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After prices rise less than expected, markets soar on hopes of lower inflation

Markets saw their biggest one-day rally since 2020 as investors hoped the October data would lead the Fed to ease rate hikes

Prices of consumer goods have been rising all year. (Nitashia Johnson for The Washington Post)

Inflation stayed high but showed signs of slowing in October, spurring new optimism on Wall Street, even as families and businesses still face rising costs for basics such as food and rent — and as the Federal Reserve ramped up its efforts to lower consumer prices, even at the risk of forcing a recession.

Prices rose 7.7 percent in October compared with the year before, and 0.4 percent over September, the same rate as the previous month, according to data released Thursday morning by the Bureau of Labor Statistics. That’s far above normal levels, but it was lower than analysts had expected.

The markets rallied on hopes that inflation may have peaked. At Thursday’s close, the Dow Jones industrial average soared nearly 1,200 points, or 3.7 percent. The S&P 500 rose 5.5 percent, and the Nasdaq climbed 7.3 percent. The indexes clinched their biggest one-day rallies since 2020.

The report brought some hope that the soaring cost of living may be easing. Officials at the Fed have made clear that they need to see months of encouraging data to get a sense of how the economy is evolving. The latest data may mark a shift, but they’ll want to see it continue.

“This was good news, but I wouldn’t dramatically change my view of the world based on one data point. We’ve had false dawns before,” said Jason Furman, an economist at Harvard University who was a top economic adviser to President Barack Obama. “One should feel better about inflation today than one felt yesterday. Just not much better.”

Tech stocks, which have taken a beating as interest rates have gone up, turned around Thursday, with Apple and Microsoft both rising more than 8 percent. Manufacturers also got a boost on investor hopes that the economic outlook is improving — Boeing and 3M gained 5 percent and 4 percent, respectively.

October marked the smallest 12-month increase since the period ending in January, and progress looked different through the report. Some categories dropped notably: Prices for used cars and trucks fell 2.4 percent, airfares 1.1 percent and apparel 0.7 percent. In other pockets of the economy, prices were still climbing but at a slightly slower pace than the month before. For example, food was up 0.6 percent in October, after rising 0.8 percent in September.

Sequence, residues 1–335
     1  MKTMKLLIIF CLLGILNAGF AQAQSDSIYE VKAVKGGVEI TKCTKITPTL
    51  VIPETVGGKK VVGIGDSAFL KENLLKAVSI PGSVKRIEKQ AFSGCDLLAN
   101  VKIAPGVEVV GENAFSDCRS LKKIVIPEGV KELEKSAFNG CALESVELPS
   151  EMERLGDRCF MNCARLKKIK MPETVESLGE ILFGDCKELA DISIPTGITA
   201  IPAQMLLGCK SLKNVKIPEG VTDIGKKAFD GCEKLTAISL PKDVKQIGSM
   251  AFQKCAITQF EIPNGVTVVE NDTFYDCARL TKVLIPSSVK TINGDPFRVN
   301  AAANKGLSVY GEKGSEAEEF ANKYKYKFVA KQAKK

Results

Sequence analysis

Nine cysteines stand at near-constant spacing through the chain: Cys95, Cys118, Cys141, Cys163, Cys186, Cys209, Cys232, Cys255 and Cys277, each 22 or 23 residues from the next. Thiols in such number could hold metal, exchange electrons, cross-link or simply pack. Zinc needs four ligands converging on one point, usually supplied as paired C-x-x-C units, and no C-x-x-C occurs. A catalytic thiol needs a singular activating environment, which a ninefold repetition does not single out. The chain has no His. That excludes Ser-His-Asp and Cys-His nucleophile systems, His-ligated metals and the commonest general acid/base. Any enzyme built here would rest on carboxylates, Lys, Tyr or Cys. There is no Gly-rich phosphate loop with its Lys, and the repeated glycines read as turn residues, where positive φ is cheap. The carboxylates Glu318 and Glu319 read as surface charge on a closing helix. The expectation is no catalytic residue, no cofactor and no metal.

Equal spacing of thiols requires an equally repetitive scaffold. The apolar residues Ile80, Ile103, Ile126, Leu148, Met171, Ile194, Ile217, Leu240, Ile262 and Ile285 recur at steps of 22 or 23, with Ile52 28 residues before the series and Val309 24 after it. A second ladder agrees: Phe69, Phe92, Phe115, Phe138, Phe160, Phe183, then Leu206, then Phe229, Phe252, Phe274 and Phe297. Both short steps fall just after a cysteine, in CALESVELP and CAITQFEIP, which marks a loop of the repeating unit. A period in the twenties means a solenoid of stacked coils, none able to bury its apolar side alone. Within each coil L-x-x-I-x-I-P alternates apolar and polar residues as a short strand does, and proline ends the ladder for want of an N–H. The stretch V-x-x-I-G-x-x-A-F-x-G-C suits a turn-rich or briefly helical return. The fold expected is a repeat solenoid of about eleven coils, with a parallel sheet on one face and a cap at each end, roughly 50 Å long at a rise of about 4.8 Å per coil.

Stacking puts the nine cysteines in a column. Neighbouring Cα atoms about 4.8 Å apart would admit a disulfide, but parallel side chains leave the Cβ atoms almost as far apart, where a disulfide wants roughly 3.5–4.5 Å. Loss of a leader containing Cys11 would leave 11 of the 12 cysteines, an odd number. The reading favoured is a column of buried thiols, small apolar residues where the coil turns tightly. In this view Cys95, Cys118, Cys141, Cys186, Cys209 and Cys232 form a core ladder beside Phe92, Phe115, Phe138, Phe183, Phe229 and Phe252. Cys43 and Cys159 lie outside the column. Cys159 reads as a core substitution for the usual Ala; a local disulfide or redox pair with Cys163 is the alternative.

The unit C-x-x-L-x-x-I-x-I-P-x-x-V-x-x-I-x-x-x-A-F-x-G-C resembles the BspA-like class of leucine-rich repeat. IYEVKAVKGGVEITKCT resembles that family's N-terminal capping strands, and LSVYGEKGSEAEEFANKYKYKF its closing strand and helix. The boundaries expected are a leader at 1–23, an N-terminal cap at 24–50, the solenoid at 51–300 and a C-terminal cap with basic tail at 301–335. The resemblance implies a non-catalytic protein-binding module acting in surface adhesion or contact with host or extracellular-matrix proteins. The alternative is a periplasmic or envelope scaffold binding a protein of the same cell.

“This morning’s [consumer price index] data were a welcome relief, but there is still a long way to go,” Dallas Fed President Lorie Logan said in a Thursday speech. And Mary Daly, president of the San Francisco Fed, said Thursday that “7.7 [percent] is not price stability.”

Indeed, policymakers and economists won’t be celebrating just yet. The shelter index made up more than half of the monthly increase, as high rental costs remain despite a recent slowdown in the housing market. Rent was up 0.7 percent compared with the month before, a small ease from September. But overall, rent is up 7.5 percent over the year.

Gasoline prices also rose 4 percent over September, after three months of consecutive declines. Gas is up 17.5 percent over the past year, largely because of Russia’s invasion of Ukraine and the sanctions the West has imposed on a major oil producer. Other oil-exporting nations are also cutting back production.

Voters in Tuesday’s elections told exit pollsters that inflation was among the most important issues swaying their choice, and nearly half of voters said jobs and the economy were the most pressing issues facing the country.

In a desperate bid to get prices down to normal levels, the Fed is raising interest rates at its most forceful pace in decades. A growing number of economists and Democratic lawmakers say they’re concerned that the Fed will end up slowing the economy so much that it causes a downturn next year.

How the Fed’s rate hikes slow the economy — and impact you

In the past year, inflation emerged as a fraught political issue in the run-up to the midterm elections. Republicans were hoping to make major gains in Congress by attacking Democrats’ sprawling spending measures from earlier in the pandemic, arguing that trillions of dollars in government funds helped push the economy into overdrive. But although control of Congress is still undecided, the issue appears not to have driven anything like the backlash the GOP was seeking.